The EPP is proud to present the first Nordic Chapter Workshop

Value based pricing in your company - 7th of May, Lund University Sweden

With an interactive format combining real-life case studies and informal debates this first open workshop is created to give you the inside knowledge and industry insights you need in order to benchmark your pricing strategies, maintain critical competitive advantage and ensure maximum value. This workshop on how to create and maintain value based pricing will share pricing challenges you face today !

This workshop will bring together leaders and practitioners across all industries to discuss the latest developments in pricing across Scandinavia. Whether you are new to pricing or an experienced professional, this event is designed to give you the best practices, industry trends and strategic pricing skills that many other large organizations have successfully accomplished.

Event description :

In four interactive presentation our speakers will try to give you insights in value based pricing and how to make this "stick" in your organization. Pricing is one of the most powerful - yet underutilized - strategies available to businesses. This workshop will feature cutting edge presentations from top-organizations such as: Navetti AB, Honda Nordic, Alfa Laval Corporate. Our moderator for the day is the general manager pricing from Wärtsilä Services. All of our speakers are enthusiastic in sharing their pricing know-how and best practices with you!

The Chapter Board in the Nordic is currently represented by professionals from: Navetti Consulting AB, Wärtsilä Services, Alfa Laval Corporate AB, Honda Nordic, the Lund University and Novozymes.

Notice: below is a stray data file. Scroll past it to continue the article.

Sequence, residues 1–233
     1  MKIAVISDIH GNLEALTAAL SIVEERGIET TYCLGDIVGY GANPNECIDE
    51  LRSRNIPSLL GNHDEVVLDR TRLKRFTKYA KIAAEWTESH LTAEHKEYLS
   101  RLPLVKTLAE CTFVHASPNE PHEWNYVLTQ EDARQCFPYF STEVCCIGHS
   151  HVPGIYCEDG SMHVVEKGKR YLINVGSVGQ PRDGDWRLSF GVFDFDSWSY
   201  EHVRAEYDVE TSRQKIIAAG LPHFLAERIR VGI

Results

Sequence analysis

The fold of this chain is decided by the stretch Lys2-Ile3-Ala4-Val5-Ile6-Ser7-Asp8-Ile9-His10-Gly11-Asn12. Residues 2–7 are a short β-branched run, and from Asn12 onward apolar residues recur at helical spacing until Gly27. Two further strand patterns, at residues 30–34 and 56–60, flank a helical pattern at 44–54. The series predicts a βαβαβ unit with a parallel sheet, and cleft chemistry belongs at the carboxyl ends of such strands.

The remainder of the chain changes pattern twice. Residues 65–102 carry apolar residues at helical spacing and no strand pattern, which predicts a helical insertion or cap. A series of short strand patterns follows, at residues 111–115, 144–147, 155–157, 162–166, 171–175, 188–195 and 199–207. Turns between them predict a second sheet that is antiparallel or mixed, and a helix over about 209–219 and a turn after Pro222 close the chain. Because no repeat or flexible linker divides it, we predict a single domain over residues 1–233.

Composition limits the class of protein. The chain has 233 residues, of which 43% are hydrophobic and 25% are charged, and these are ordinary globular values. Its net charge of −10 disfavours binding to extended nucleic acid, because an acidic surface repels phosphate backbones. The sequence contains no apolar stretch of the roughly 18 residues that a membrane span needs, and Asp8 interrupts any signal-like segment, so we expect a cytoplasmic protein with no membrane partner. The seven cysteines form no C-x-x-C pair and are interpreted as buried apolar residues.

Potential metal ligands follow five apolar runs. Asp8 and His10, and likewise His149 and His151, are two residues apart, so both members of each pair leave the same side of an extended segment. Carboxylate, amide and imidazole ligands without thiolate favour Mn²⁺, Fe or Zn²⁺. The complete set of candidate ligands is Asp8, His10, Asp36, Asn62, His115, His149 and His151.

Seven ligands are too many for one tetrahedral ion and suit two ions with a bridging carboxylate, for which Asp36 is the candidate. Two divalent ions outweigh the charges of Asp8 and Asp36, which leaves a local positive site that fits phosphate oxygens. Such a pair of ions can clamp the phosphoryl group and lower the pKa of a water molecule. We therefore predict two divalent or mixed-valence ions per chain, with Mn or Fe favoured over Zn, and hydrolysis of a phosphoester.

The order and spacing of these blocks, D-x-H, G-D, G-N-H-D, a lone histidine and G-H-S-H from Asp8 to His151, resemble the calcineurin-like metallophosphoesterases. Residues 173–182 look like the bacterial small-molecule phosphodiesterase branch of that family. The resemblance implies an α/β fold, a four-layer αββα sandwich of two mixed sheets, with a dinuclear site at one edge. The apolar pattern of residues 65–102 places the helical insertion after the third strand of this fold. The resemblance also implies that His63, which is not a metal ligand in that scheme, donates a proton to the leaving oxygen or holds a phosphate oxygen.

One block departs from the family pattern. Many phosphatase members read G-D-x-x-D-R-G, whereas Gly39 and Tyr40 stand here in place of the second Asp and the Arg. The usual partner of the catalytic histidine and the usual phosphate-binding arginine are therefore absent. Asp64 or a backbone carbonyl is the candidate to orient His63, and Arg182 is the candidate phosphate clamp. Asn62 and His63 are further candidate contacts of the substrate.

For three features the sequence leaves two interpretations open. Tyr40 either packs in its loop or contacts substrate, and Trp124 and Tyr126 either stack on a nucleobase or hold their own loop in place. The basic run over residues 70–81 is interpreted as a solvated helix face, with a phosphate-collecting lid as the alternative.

For more information on this open workshop see our website.


Essential skills for maximizing your business strategy

Getting added value from conjoint analysis

The added value of conjoint analysis lies in the fact that values that aren’t measured can also be predicted. This is generally achieved by linking the values that one wants to measure in a linear fashion. Even though this normal adaptation of conjoint analysis has its advantages, conjoint remains a flawed tool because it simply ignores the fact that price assessment follows a step-by-step model rather than a linear pattern.

An important correction of the analysis is achieved by including the consumer’s not-so-rational decision-making process. Prices that are optimized on the basis of the consumer as homo oeconomicus will therefore mean that the conjoint analysis (in its normal adaptation) will not have a very major impact. The validity will be greatly increased if the analysis incorporates the irrationality associated with decisions made by consumers plus a more in-depth analysis of the psychological side of decision-making. (Dr. Bauer, Vocatus AG, 2006-2011)

To get more in-depth knowledge of this process, the European Pricing Platform is organizing a Master Class training on the Pricing Toolbox, given by Dr. Bauer on the 9th and 10th of May in Hamburg. In this training Dr. Bauer will introduce his expert view of the ‘Psychological Price Profile’ and take you into the world of financial risk-taking, rational decision-making, and how to set prices accordingly. This means gearing your pricing strategy towards existing consumer types that are based upon pricing psychology. By focusing on how to adapt existing tools that are dealt with during the training (such as BPTO and conjoint analysis), Dr. Bauer will show you how to get the best of both worlds. During the course of this two-day training, he will transfer his insights to the participants’ own pricing issues so that they can maximize their own organization’s business strategy.